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Nov. 09, 2009 - SF Chronicle

BART shooting trial location critical call

The law says jurors must stick to the evidence presented in court. But in the real world, jurors view that evidence through a thick lens of experience.

"The defense doesn't want African Americans on the panel - let's get real about it - because the victim was African American," Hennington said. Black jurors "are aware of the history of police brutality that has affected the African American community."

For this reason, attorneys and trial consultants say, Judge Morris Jacobson of Alameda County Superior Court will make a crucial choice when he decides where to move the murder trial of former BART police Officer Johannes Mehserle, who fatally shot an unarmed train rider while arresting him early New Year's Day.

State officials provided Jacobson with two options last week - Los Angeles and San Diego counties - after the judge concluded that Mehserle could not get a fair trial in Alameda County. Jacobson has not said when he will rule but has set a hearing for Nov. 19.

Experts familiar with both counties say they vary significantly in areas crucial to the Mehserle case: how residents feel about police officers and the historic relationship between law enforcement and minority communities.

Legacy of King case

In Los Angeles, the attorneys and consultants said, the average juror is more skeptical of law enforcement, due in no small measure to the 1991 beating of Rodney King by officers who were then acquitted in state court after their trial was moved to the more conservative Simi Valley (Ventura County).

San Diego, by contrast, is more politically conservative than either Los Angeles or Oakland, and many potential jurors have ties to the region's military and defense industry, leading to more robust support of law enforcement.

Atypical case

In typical criminal trials, a bias toward law enforcement helps a prosecutor. But when that prosecutor goes after a police officer, the tide reverses.

Mehserle shot 22-year-old supermarket worker Oscar Grant in the back at Oakland's Fruitvale BART Station while arresting him after a fight on a train. Through his attorneys, Mehserle said he intended to subdue Grant with a Taser and accidentally fired his service pistol.

Mehserle, 27, is white, and Grant was black.

Some have described the case as representative of a pattern of police abuse of young men of color - and now see it as a test of whether officers can be held accountable for wrongdoing. Others see an isolated mistake and have put some blame on Grant, saying he would not have been shot had he cooperated with BART officers.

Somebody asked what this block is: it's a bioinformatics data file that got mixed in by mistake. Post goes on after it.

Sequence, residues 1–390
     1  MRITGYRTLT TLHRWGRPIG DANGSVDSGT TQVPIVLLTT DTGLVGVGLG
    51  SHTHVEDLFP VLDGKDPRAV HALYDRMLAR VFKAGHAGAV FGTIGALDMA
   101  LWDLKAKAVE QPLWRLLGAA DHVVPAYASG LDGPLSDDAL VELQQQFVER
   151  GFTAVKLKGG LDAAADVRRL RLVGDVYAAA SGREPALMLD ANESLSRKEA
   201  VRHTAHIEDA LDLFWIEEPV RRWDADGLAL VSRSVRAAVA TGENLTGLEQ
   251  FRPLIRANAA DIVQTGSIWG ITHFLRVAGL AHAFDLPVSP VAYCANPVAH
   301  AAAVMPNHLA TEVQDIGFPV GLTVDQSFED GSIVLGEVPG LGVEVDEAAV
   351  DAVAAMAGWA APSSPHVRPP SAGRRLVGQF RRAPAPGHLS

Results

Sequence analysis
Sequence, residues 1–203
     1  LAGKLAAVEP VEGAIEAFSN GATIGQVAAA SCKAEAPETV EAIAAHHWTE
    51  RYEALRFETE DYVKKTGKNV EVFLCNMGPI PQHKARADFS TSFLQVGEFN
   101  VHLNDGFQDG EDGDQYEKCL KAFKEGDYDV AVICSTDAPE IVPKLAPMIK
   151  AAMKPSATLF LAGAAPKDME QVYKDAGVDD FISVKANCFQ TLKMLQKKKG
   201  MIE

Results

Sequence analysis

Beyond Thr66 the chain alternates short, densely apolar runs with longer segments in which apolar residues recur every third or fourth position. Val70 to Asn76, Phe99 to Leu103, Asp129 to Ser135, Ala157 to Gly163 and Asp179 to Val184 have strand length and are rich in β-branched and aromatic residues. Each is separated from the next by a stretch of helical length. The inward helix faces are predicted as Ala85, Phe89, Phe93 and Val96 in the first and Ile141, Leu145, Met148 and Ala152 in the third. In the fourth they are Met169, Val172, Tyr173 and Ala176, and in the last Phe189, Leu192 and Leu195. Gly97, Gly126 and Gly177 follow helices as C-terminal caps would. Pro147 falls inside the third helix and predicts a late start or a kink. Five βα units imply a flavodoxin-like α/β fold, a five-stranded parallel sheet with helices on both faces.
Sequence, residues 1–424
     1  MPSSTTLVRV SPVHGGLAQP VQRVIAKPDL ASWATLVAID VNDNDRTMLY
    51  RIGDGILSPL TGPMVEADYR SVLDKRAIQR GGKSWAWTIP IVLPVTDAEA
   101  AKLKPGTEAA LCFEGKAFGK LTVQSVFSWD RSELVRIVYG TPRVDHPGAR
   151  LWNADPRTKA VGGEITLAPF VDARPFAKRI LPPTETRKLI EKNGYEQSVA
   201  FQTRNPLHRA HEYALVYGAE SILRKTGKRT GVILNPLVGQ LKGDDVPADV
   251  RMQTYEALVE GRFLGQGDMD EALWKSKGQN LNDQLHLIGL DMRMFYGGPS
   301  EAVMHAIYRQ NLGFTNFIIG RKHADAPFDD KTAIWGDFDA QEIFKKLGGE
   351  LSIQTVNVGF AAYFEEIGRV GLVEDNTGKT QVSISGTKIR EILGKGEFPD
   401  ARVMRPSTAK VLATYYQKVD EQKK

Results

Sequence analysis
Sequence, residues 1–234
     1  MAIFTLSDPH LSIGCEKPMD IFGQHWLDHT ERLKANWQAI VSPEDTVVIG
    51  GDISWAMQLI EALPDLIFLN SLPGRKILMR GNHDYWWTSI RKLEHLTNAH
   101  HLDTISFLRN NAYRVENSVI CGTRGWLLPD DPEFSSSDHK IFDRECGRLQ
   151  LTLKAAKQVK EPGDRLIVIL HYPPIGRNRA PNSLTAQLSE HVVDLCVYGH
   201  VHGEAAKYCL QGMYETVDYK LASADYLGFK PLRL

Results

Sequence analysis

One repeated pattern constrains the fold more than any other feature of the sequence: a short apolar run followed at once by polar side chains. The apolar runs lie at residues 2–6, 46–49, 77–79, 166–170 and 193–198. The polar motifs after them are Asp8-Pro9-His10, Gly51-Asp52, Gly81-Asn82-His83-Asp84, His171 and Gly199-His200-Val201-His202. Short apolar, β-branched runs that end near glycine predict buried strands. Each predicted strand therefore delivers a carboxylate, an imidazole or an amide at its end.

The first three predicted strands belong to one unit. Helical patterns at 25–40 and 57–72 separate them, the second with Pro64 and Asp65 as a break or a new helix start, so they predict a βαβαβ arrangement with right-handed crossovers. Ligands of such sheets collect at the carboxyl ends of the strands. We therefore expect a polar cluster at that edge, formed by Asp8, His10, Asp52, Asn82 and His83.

Jurors, experts said, will have a hard time putting all of the politics aside.

That is, after all, how many non-jurors see it.

Outside factors

The experts said the best venue for prosecutors would have been Oakland. But Judge Jacobson concluded that extensive media coverage of the shooting, provocative statements by civic leaders and the specter of violent protests made a fair trial impossible.

According to a 2008 survey by the U.S. Census Bureau, Alameda County is more racially diverse than its counterparts in Southern California.

Racial breakdown

Forty-eight percent of Alameda County residents are white and 12.7 percent are black. In Los Angeles, the split is 52.7 to 8.8 percent, and in San Diego, it is 73.1 to 5 percent.

Marshall Hennington, a psychologist and jury consultant in Beverly Hills, said he feared the defense would seek a jury with as few black people on it as possible, regardless of where the trial is held.

"The defense doesn't want African Americans on the panel - let's get real about it - because the victim was African American," Hennington said. Black jurors "are aware of the history of police brutality that has affected the African American community."

But others said it would be a mistake for attorneys in the case to emphasize skin color over life experience.

Gabriel, who worked for the defense in the O.J. Simpson murder case, said people often focus on the nine black jurors who helped acquit Simpson at his 1995 trial. Overlooked, he said, is that many of the jurors had negative experiences with police officers in their past.

Comparing Alameda with L.A., San Diego counties

Alameda
Population: 1,474,368

Median household income: $70,395

Percentage of residents who graduated high school: 85.8

Percentage with bachelor's degree: 39.3

Percentage white/black/Asian/Hispanic*: 48/12.7/24.7/21.8

Percentage of voters registered Democratic/Republican: 57.7/15.1

Los Angeles
Population: 9,862,049

Median household income: $55,499

Percentage of residents who graduated high school: 75.2

Percentage with bachelor's degree: 28.1

Percentage white/black/Asian/Hispanic*: 52.7/8.8/12.9/47.7

Percentage of voters registered Democratic/Republican: 52.2/23.6

San Diego
Population: 3,001,072

Median household income: $63,026

Percentage of residents who graduated high school: 85

Percentage with bachelor's degree: 34.2

Percentage white/black/Asian/Hispanic*: 73.1/5/10.3/30.9

Percentage of voters registered Democratic/Republican: 36.3/35.9

*The Census Bureau count of Hispanics, based on origin, includes all races, including white and black.

Source: 2008 American Community Survey, U.S. Census Bureau; county registrars of voters

E-mail Demian Bulwa at dbulwa@sfchronicle.com.

This article appeared on page A - 1 of the San Francisco Chronicle

Read more: SF Gate


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